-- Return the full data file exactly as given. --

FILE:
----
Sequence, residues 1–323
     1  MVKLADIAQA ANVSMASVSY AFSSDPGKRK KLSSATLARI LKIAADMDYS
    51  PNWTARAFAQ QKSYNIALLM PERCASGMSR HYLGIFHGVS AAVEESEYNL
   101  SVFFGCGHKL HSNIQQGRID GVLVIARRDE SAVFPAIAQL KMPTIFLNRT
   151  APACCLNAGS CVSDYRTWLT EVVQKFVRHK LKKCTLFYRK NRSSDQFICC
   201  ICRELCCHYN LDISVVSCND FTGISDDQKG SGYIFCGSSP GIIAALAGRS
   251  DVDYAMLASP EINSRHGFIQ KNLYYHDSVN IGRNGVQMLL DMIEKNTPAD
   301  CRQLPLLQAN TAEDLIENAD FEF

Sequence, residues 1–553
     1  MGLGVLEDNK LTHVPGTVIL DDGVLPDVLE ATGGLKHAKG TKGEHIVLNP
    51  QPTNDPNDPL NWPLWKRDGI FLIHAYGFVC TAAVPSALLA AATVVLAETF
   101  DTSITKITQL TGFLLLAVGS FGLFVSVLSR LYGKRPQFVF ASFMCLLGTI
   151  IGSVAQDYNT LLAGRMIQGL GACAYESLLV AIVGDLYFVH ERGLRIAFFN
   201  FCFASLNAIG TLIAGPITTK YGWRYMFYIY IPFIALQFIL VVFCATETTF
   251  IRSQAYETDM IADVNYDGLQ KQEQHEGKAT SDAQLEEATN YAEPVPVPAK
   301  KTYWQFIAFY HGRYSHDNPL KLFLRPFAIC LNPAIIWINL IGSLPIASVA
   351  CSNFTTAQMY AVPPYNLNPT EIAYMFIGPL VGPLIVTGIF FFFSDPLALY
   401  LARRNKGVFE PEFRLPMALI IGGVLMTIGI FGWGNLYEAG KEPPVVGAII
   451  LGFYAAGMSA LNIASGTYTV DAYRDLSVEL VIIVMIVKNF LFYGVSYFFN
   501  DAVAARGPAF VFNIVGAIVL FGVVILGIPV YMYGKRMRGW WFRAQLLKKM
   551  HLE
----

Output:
Sequence, residues 1–323
     1  MVKLADIAQA ANVSMASVSY AFSSDPGKRK KLSSATLARI LKIAADMDYS
    51  PNWTARAFAQ QKSYNIALLM PERCASGMSR HYLGIFHGVS AAVEESEYNL
   101  SVFFGCGHKL HSNIQQGRID GVLVIARRDE SAVFPAIAQL KMPTIFLNRT
   151  APACCLNAGS CVSDYRTWLT EVVQKFVRHK LKKCTLFYRK NRSSDQFICC
   201  ICRELCCHYN LDISVVSCND FTGISDDQKG SGYIFCGSSP GIIAALAGRS
   251  DVDYAMLASP EINSRHGFIQ KNLYYHDSVN IGRNGVQMLL DMIEKNTPAD
   301  CRQLPLLQAN TAEDLIENAD FEF

Sequence, residues 1–553
     1  MGLGVLEDNK LTHVPGTVIL DDGVLPDVLE ATGGLKHAKG TKGEHIVLNP
    51  QPTNDPNDPL NWPLWKRDGI FLIHAYGFVC TAAVPSALLA AATVVLAETF
   101  DTSITKITQL TGFLLLAVGS FGLFVSVLSR LYGKRPQFVF ASFMCLLGTI
   151  IGSVAQDYNT LLAGRMIQGL GACAYESLLV AIVGDLYFVH ERGLRIAFFN
   201  FCFASLNAIG TLIAGPITTK YGWRYMFYIY IPFIALQFIL VVFCATETTF
   251  IRSQAYETDM IADVNYDGLQ KQEQHEGKAT SDAQLEEATN YAEPVPVPAK
   301  KTYWQFIAFY HGRYSHDNPL KLFLRPFAIC LNPAIIWINL IGSLPIASVA
   351  CSNFTTAQMY AVPPYNLNPT EIAYMFIGPL VGPLIVTGIF FFFSDPLALY
   401  LARRNKGVFE PEFRLPMALI IGGVLMTIGI FGWGNLYEAG KEPPVVGAII
   451  LGFYAAGMSA LNIASGTYTV DAYRDLSVEL VIIVMIVKNF LFYGVSYFFN
   501  DAVAARGPAF VFNIVGAIVL FGVVILGIPV YMYGKRMRGW WFRAQLLKKM
   551  HLE